In total, North Carolina had 25,412 lab-confirmed cases of COVID-19 as of yesterday, according to the state Department of Health and Human Services dashboard.

Pandemic highlights disparities

Kendi said lawmakers need to look at policy across the board and its effects on race. “People of color want freedom,” Kendi said. “I am not talking about freedom to get a haircut. I am talking about the most fundamental freedoms that have been denied for far too long,  freedom from infection, freedom from death.”

Kendi and other researchers developed the tracking website due to gaps in data and reporting on how the virus is affecting minorities. Kendi says years of racist policies have led to this point.

“We should be asking why are Black and Latino people less likely to be working from home, less likely to be insured, less likely to live in unpolluted neighborhoods,” Kendi told lawmakers. “The answer is racist policy.”

Dr. Alicia Fernandez

Dr. Alicia Fernandez, a professor of medicine at the University of California in San Francisco, said that at her hospital, most of the Latinos who are testing positive from COVID-19 are unable to work from home. “COVID-19 has revealed the great health impact of how we work and live, the social determinants of health,” Fernandez said.

U.S. Rep. Mike Kelly, R-Penn., who has recovered from his own bout with the virus, touted economic growth as the solution. “The return to a very robust and dynamic economy, isn’t that the cure for a lot of the things we want to get done?” Kelly said. “I think the answer to almost everything we are talking about right now is that every single American has the same opportunity as another American, regardless of where you live, the color of your skin, how you worship, or your gender.”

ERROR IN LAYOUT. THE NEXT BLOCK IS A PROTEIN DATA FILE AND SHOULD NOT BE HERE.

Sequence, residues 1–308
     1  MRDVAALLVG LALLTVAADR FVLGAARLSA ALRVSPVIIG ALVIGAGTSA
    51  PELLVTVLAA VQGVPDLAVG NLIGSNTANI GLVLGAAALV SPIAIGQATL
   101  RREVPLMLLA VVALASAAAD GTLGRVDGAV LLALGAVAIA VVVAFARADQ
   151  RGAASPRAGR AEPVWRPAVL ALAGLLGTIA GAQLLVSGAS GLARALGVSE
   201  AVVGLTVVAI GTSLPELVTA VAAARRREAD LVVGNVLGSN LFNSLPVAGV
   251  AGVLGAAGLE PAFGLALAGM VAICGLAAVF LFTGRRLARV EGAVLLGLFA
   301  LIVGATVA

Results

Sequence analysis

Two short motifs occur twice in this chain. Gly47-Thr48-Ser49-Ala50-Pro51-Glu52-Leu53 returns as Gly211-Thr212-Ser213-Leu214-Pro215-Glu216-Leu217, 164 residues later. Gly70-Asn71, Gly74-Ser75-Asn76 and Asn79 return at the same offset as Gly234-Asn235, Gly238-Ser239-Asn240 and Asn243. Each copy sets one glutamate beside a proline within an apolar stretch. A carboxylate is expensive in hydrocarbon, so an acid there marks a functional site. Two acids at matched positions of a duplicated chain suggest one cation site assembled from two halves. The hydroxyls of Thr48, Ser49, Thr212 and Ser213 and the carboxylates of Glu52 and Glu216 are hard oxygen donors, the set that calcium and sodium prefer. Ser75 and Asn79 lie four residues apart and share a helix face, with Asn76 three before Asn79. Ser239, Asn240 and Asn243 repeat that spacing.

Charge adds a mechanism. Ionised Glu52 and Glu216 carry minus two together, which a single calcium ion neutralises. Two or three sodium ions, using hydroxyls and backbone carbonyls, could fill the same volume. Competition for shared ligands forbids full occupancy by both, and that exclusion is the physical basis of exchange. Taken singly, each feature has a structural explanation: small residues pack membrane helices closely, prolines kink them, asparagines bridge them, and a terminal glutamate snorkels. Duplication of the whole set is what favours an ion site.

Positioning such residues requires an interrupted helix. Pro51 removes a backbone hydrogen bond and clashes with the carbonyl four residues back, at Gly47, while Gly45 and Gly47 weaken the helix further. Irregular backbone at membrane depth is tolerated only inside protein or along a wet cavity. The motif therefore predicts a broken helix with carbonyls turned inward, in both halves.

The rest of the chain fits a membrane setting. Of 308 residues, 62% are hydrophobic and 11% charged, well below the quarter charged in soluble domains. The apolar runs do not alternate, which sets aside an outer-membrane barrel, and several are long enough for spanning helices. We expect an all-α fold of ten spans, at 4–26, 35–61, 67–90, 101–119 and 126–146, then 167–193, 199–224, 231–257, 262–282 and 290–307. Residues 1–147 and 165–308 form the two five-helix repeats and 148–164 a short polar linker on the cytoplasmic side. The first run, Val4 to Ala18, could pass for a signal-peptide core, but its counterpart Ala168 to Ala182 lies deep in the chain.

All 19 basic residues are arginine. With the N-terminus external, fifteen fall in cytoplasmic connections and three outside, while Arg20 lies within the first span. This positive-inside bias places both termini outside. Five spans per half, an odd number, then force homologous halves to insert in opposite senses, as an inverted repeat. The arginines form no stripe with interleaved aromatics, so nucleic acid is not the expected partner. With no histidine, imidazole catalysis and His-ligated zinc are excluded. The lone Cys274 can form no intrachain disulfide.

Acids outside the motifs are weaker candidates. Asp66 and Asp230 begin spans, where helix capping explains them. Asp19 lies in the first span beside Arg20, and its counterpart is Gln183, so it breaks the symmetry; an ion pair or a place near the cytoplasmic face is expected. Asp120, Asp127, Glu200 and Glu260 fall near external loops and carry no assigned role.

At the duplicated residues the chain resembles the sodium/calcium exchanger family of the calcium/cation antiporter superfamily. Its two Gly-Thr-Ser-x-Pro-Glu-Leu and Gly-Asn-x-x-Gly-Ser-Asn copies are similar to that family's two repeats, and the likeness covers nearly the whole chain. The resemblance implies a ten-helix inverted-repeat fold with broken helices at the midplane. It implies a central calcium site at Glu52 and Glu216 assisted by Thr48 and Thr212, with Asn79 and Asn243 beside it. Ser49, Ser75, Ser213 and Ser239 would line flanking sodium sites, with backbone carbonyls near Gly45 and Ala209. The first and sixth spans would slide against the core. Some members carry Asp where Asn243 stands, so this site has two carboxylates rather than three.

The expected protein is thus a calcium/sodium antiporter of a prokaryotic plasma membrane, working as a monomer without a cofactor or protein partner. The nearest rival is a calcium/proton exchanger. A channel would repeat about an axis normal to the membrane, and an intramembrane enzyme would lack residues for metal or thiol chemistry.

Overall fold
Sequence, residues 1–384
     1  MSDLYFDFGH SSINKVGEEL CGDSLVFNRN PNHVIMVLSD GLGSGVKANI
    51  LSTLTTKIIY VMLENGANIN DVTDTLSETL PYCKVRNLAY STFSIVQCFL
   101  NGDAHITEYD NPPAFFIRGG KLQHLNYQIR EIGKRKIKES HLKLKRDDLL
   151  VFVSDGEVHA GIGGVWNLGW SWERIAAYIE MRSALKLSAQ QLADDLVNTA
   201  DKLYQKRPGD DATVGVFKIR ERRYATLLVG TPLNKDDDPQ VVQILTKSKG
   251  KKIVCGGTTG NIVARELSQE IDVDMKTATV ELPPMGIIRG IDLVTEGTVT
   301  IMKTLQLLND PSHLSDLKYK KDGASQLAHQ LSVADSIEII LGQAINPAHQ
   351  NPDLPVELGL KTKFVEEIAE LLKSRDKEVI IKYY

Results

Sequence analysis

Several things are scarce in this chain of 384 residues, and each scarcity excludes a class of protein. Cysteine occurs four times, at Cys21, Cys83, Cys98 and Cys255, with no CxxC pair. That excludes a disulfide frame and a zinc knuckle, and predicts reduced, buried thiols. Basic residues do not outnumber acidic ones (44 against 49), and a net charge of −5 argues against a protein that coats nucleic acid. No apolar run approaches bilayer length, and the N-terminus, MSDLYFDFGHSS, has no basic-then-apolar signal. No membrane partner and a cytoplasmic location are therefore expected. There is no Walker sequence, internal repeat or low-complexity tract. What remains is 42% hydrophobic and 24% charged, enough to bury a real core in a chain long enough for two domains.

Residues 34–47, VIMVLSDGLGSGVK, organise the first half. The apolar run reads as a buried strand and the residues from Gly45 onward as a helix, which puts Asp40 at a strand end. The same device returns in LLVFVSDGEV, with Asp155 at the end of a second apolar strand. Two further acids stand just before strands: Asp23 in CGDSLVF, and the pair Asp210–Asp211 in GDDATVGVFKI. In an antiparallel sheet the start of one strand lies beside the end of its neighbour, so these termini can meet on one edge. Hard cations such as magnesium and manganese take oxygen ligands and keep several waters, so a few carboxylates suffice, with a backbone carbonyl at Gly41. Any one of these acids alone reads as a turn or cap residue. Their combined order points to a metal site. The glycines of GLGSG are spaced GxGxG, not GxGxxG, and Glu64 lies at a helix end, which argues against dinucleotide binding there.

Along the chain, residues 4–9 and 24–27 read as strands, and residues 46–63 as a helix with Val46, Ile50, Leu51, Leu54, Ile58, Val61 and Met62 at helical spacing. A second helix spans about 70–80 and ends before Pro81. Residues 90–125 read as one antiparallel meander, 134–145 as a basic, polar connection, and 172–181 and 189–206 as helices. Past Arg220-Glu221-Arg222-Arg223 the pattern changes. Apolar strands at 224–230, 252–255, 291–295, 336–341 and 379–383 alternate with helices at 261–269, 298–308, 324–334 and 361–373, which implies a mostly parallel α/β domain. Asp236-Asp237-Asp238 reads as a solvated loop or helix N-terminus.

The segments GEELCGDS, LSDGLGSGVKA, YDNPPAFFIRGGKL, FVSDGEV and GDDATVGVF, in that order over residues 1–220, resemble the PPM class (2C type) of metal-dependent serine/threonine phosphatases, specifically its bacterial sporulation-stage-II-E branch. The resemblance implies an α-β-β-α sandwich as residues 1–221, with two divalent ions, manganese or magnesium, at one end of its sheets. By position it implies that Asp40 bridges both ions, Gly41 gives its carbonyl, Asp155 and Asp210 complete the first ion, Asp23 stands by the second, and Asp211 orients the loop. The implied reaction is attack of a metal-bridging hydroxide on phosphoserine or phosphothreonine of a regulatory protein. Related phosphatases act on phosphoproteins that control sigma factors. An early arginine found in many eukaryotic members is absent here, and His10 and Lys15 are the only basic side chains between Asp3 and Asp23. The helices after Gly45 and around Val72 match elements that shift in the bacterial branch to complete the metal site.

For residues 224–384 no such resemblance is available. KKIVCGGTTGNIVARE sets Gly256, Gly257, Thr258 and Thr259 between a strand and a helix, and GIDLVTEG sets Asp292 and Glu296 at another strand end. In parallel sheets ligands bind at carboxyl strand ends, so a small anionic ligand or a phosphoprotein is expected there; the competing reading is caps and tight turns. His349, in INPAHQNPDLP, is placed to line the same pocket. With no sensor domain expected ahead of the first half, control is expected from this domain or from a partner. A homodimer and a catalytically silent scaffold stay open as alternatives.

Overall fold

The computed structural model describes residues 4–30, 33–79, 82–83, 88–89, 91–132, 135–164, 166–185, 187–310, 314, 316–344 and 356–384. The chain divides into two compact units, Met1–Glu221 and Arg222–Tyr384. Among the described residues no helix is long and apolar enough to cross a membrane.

Kelly was diagnosed with COVID-19 at the end of March after testing positive at a drive-through testing site at Butler Memorial Hospital.

‘There’s an urgency’

As communities and businesses begin to reopen, testing and contact tracing are seen as key to keep the virus from spreading. But experts say states need to make sure the access is equitable.

“In order to protect the lives of the most vulnerable populations in our society without a vaccine and without a drug, the only thing to do is to keep those populations from infections in the first place. That is going to take testing and contact tracing,” said Dr. James Hildreth, president and CEO of Meharry Medical College in Tennessee.

Dr. James Hildreth